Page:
If you visit the Steamboat Springs Winter Sports Club on any given snowy day after school, the entire place is full of kids munching on Honey Stinger snacks. “It feels great, but our backyard is pretty small compared to some of our competitors,” President Bill Gamber said.
His goal is to get more people eating Honey Stinger. And just last week, a Pennsylvania-based operating company made an equity investment to bring the privately-held brand to broader audiences.
“One of our biggest advantages is we’re known in sport and outdoor so when we do try something new, we get real, honest feedback,” Gamber said. “People know our brand and I think we have really loyal customers. We love that. There’s so many sports nutrition products that are more laboratory based and there’s a huge opportunity for us to do more with healthy, nutrition products for sports, but also other markets.”
Factory LLC has partnered with the mountain-town brand to not only invest money, but also the services within its "innovation and scale-up center," housed in a converted 1940s steel building. A whole team will help Honey Stinger with packaging design, consumer insights, social media, podcasting, and marketing and sales, plus testing new recipes in innovation kitchens.
Fans will be pleased to know that the new partnership will allow the brand to cook up even more products, such as new flavors of the Cracker N' Nut Butter Bars, Gamber said.
Over Honey Stinger’s 16 years, investors have approached Gamber about getting involved with his company. Nobody has been a perfect match. But Gamber said Richard Thompson was different. Firstly, he’s no stranger to foods fueling athletes. In the ‘80s and ‘90s, he developed American Italian Pasta Company, now the largest pasta producer in North America. He's also no stranger to growing companies people told him were impossible to grow, such as Meow Mix and Fresh Pet.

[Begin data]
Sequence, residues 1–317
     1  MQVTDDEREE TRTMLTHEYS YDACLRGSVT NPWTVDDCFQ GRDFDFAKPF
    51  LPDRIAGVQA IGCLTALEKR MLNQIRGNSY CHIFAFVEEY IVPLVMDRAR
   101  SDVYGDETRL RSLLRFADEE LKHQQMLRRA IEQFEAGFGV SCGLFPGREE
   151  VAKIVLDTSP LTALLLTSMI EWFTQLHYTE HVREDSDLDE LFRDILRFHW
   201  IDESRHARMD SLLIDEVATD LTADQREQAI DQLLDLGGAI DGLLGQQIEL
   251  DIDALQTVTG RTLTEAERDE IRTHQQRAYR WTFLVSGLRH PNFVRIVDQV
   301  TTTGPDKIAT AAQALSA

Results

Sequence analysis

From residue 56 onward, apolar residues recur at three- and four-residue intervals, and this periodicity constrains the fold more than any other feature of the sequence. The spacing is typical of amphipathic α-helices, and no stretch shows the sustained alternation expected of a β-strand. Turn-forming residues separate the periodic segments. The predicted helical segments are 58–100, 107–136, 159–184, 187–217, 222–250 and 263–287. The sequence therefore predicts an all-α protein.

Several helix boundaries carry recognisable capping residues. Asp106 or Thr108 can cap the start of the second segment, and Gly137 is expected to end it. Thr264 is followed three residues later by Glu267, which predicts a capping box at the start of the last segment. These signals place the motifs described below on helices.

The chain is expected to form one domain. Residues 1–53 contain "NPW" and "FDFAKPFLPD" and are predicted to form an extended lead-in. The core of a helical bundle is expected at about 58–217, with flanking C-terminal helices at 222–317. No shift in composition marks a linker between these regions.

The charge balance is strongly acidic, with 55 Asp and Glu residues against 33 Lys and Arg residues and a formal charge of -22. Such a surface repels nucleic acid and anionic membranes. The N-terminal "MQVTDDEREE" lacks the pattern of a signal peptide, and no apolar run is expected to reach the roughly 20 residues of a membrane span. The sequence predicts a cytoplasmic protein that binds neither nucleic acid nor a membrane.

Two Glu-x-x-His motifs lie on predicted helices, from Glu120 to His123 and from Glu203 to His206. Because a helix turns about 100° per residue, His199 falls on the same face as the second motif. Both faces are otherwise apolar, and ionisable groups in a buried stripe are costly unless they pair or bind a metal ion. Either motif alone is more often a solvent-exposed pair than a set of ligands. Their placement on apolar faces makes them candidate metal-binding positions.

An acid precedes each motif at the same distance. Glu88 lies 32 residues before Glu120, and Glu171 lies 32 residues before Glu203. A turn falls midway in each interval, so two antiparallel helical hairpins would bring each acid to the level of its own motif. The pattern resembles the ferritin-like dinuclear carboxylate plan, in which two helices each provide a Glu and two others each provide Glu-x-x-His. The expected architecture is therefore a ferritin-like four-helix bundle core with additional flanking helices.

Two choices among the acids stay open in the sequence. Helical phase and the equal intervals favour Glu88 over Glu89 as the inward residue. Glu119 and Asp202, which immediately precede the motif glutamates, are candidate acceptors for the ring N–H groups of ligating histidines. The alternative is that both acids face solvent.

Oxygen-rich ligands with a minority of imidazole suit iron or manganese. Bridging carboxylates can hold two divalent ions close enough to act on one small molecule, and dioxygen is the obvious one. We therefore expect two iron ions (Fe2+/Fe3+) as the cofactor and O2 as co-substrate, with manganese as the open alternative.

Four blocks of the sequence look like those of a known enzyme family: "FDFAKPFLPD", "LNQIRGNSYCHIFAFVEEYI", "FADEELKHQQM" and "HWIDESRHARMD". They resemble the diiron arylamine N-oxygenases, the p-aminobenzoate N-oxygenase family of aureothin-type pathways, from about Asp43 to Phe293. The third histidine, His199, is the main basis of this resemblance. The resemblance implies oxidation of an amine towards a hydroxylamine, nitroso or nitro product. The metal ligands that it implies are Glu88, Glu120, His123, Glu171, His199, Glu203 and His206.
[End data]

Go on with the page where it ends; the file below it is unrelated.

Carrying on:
What was most endearing to Gamber about Thompson was his personal affection for the Honey Stinger story and the Gamber family's history with honey. (Bill Gamber's grandfather designed the plastic honey bear and started a honey-based alternative to sugary candy bars in 1954.)
"I think anything made with honey—which is all natural and provides energy—is pretty interesting simply because sugar has such a bad rap now," Thompson said. "There's a great opportunity to work with the outdoor consumers, athletic consumers, and the normal retail consumers to help and understand how good honey can be."
Being based in Steamboat Springs is part of Honey Stinger’s charm. Earlier this year, the community learned they’d be losing Smartwool in VF Corporation’s move to Denver. But Gamber said his beloved community doesn't have to worry because Honey Stinger and Big Agnes are staying put.